Former Chadian opposition figure Saleh Kebzabo says that the respect of "all freedoms" and "human rights in all their forms" will be part of the programme after his appointment by Chadian ruler Mahamat Idriss Deby as Prime Minister to lead a government of the national union.
Deby named Saleh Kebzabo, 75, a former journalist who ran four times for the presidency against his iron-fisted father, Idriss Deby Itno, to steer the country back to civilian government.
The 38-year-old five-star general took over after the elder Deby, in power for three decades, was killed during an operation against rebels in April 2021.
But he has since angered many at home and embarrassed backers abroad by pushing to stay in power beyond an initially-promised deadline and contest promised elections.
Speaking to journalists on Wednesday, Kebzabo promised to "accompany" the young Itno "in a great endeavour... the next two years of political transition."
Kebzabo, a fierce opponent in the last years of the elder Deby's rule, had been swift to recognise his son as leader after his death. Two leaders from his UNDR party took part in the first transition government named by the junta.
Deby's junta had originally declared it would restore civilian rule after 18 months in power, and he had at first promised not to take part in the elections that would follow.
But as the 18-month deadline neared, a nationwide forum staged by Deby reset the clock.
Last weekend it approved a new 24-month timeframe for holding elections, named Deby "transitional president" for the interim, and declared he could be a candidate in the poll.
Deby was sworn in on Monday, vowing to name a "government of national union" within days.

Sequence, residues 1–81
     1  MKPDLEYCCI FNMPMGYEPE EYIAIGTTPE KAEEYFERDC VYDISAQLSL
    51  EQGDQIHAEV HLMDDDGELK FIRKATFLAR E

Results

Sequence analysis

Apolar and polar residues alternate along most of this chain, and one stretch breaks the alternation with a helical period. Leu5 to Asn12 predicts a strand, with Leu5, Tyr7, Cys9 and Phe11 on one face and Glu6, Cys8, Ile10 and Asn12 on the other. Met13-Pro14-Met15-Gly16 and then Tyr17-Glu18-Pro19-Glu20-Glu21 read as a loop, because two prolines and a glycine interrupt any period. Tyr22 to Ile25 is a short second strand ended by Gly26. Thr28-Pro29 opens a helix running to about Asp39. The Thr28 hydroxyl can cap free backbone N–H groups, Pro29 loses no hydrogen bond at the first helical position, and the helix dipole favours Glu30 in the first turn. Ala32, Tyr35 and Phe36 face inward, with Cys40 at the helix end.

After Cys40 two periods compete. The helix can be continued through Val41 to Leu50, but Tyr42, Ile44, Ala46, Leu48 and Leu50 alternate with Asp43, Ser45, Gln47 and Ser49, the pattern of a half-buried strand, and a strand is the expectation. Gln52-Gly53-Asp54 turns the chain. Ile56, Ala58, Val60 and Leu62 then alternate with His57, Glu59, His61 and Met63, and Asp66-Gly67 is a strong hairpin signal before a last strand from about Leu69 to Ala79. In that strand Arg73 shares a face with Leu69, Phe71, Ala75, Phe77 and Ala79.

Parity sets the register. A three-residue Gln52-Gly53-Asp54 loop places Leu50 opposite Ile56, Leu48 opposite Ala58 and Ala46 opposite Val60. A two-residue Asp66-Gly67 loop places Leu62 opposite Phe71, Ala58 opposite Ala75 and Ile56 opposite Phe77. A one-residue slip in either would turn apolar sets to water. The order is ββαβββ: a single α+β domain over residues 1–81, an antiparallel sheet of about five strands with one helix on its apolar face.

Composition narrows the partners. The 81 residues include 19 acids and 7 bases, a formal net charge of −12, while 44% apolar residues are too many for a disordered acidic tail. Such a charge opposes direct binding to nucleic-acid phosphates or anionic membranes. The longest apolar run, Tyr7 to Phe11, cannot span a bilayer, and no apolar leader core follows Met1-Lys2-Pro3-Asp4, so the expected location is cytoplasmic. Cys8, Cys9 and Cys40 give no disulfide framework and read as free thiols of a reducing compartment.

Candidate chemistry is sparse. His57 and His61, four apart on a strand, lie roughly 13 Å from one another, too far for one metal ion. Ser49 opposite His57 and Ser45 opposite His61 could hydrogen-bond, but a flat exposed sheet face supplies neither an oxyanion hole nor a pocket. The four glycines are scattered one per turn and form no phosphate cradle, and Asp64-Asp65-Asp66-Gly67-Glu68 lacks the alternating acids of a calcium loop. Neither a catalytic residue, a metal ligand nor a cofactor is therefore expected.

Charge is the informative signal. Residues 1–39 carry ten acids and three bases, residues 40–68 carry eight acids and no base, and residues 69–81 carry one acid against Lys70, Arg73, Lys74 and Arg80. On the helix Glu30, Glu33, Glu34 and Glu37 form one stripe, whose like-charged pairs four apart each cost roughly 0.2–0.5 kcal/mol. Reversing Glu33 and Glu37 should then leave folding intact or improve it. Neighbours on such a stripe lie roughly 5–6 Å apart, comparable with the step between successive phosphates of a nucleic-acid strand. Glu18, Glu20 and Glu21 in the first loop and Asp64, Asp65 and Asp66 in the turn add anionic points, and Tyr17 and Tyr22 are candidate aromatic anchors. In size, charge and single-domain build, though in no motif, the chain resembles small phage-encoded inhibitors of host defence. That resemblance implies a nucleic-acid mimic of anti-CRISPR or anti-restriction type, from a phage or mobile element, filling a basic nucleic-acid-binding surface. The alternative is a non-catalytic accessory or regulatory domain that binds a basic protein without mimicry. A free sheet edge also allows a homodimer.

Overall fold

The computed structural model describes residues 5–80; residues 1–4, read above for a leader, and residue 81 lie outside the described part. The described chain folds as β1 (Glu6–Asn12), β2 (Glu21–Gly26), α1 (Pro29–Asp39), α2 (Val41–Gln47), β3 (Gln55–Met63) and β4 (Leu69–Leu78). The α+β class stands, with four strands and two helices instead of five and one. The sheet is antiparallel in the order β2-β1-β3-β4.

The outgoing premier was 55-year-old political veteran Albert Pahimi Padacke, who had served for 18 months and had also been prime minister under Deby's father.
He formally resigned on Tuesday along with his government.
- Foreign snub -
A semi-desert country located in the heart of central western Africa, Chad has been chronically unstable since it gained independence from France in 1960.
Under the elder Deby, Chad became a valued ally to western countries fearing the spread of jihadism in the Sahel.
But foreign displeasure at his son's push for power, in defiance of appeals for an earlier hand back to civilian rule, was visible at Monday's inauguration ceremony.
The African Union snubbed the event, while France and the European Union were represented only by their ambassadors.
Just three weeks earlier, the AU had urged the junta not to extend its stay in power beyond 18 months and "unequivocally" warned against any of its members taking part in future elections.
With the exception of Nigerian President Muhammadu Buhari, no other African countries sent their heads of state. A handful of important neighbours -- Niger, the Central African Republic, and the Democratic Republic of Congo -- were represented by their ministers.
The AU and the West African bloc ECOWAS have been fierce critics of the string of coups that have swept the region in the past two years, with takeovers in Guinea, Burkina Faso, and Mali as well as Chad.
- Government choice -
Enrica Picco of the International Crisis Group (ICG) think tank said the junta had been formally dissolved as a result of the forum, which meant Deby's powers would be "widened and extended" as transitional president.
Picco said the choice of the incoming government presented an opportunity for Deby, giving him the chance of building bridges in his divided country.
On the other hand, if the government is "totally closed off to the parties, armed groups and civil society who did not take part in the dialogue, everything is possible -- protests, or armed groups taking up their weapons again resuming attacks," she said.
Tanzania: Crashed plane's pilots ignored warnings
Go to video
Marburg virus kills 20 in Equatorial Guinea - WHO
Go to video
Tinubu travelled for vacation, not ill
Ethiopia appoints rebel leader to head regional government
Go to video
Kenyans cry foul over economic crisis
Go to video
South Africa's economy at risk of stagnation, says IMF